"I decided to include her voice in the conversation, because her interpretation of the letter was really important as well. It became an intergenerational conversation and almost a memoir to the work my grandad did."
She created a video of the conversation, like a piece of archive, a "monument" to his struggles.
From the letter, she segues into another work, for which she filmed her mother putting on her special sari on her birthday.
"It explores cultural expression in a private space behind closed doors. It speaks to how we have assimilated to the point [that] these really tiny points of intimacy or gentle expression are restricted to our private spaces.
"It’s Mum’s special sari, she wouldn’t wear it every day — she’s putting it over her sweatpants, it’s a working class conversation of dress and representation and identity, especially in a provincial town like Dunedin."
"He was known for that, his voice and his cultural expression coming through again."
But to get there was quite a journey for Thomas, who went to high school in Dunedin, but initially started out drawing and making sculpture before moving into fashion and textile design.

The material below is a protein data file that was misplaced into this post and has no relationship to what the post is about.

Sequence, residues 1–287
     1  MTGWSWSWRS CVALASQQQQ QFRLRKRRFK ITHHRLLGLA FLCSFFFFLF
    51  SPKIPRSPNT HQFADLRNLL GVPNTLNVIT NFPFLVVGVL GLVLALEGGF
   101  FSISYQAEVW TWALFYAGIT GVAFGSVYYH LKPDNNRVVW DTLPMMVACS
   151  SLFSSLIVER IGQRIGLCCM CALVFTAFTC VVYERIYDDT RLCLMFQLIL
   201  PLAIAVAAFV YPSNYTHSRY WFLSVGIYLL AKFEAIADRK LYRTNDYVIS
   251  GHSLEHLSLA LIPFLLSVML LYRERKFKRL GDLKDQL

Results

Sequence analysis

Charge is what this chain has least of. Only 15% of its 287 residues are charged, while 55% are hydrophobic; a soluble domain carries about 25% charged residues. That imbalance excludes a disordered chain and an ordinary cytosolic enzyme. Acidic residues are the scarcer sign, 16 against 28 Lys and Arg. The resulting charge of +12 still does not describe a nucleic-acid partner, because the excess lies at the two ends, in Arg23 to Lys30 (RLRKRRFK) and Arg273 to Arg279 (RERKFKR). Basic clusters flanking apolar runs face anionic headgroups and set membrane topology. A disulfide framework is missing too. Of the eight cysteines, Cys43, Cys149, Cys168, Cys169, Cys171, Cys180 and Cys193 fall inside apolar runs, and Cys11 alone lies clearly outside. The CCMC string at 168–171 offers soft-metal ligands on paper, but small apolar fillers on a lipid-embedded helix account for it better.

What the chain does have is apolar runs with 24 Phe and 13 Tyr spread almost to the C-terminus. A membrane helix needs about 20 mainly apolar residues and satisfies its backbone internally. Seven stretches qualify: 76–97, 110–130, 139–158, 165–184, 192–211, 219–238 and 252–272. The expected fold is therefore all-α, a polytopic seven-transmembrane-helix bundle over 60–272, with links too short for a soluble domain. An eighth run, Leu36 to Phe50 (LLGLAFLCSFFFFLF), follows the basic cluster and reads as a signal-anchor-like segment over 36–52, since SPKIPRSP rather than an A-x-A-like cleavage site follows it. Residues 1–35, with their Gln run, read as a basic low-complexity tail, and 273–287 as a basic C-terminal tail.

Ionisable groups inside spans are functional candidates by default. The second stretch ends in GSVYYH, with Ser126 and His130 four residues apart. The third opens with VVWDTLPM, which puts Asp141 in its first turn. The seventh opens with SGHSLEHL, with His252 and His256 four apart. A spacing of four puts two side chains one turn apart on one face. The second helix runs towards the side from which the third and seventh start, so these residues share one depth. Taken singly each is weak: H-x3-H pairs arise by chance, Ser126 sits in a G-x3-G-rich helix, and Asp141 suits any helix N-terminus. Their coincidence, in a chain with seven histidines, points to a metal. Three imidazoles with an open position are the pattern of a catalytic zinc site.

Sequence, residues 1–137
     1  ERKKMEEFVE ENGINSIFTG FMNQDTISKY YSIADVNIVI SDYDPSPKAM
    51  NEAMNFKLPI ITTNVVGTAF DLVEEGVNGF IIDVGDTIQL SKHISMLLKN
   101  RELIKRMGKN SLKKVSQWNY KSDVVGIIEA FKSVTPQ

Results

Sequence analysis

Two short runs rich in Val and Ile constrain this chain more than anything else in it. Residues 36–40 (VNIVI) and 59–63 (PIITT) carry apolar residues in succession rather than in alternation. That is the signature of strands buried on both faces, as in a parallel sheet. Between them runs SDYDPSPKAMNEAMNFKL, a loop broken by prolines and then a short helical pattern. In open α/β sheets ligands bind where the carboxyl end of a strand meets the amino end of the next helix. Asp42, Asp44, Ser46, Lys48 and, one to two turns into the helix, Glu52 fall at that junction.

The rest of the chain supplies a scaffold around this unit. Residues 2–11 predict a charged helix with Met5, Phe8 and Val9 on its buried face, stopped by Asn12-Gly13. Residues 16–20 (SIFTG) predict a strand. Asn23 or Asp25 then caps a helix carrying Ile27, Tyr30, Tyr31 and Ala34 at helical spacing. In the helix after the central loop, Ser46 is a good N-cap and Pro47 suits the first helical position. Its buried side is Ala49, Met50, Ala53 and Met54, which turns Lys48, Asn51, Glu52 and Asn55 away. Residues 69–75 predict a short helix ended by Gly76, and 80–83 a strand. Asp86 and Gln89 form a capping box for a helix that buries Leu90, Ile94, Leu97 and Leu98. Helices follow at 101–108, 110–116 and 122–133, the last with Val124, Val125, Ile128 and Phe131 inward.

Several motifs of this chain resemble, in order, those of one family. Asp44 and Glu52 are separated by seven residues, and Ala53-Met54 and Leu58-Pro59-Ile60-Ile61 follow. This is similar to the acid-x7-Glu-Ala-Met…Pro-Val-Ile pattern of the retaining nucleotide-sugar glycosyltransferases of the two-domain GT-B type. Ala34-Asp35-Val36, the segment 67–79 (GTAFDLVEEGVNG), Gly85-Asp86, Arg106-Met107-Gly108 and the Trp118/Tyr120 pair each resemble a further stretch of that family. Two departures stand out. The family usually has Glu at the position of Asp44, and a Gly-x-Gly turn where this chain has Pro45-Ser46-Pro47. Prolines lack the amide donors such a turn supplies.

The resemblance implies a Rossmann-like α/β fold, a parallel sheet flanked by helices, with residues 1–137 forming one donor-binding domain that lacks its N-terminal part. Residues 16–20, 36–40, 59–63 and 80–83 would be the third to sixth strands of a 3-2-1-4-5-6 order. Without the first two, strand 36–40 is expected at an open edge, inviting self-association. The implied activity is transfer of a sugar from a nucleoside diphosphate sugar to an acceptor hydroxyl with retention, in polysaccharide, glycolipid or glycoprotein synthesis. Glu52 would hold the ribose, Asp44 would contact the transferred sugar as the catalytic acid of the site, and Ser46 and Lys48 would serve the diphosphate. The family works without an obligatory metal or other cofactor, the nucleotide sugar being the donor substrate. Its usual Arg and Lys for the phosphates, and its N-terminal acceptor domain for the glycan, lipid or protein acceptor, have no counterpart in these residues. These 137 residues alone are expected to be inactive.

However, she realised she had more freedom to experiment through art, so she transferred from fashion design to fine arts.
"I’m still really interested in using textiles and pattern construction and techniques that I learnt through fashion design."
She also started experimenting with photography, and music became a massive influence.
"Anything that became time based, in terms of music and video fed through to my work. Now I dabble in all of the above in one way or another — it’s fun."
Having Indira’s Birthday selected as one of 50 works in the gallery’s biggest exhibition of contemporary work, alongside works by fellow Dunedin artists Madison Kelly and Megan Brady, is quite an honour, she says.
"It’s quite exciting. I’m really glad that my family can go and see it. When I first made this work I couldn’t show it publicly or it was restricted because of Covid. I’m excited to have more of an audience now."
She is hoping it will "enlighten" people and show them a different kind of Indian person in New Zealand.
Curator Melanie Oliver says more than 20 projects have been commissioned for "Spring Time is Heart-break", and with around 50 works altogether, it will be the gallery’s biggest display of contemporary art to date.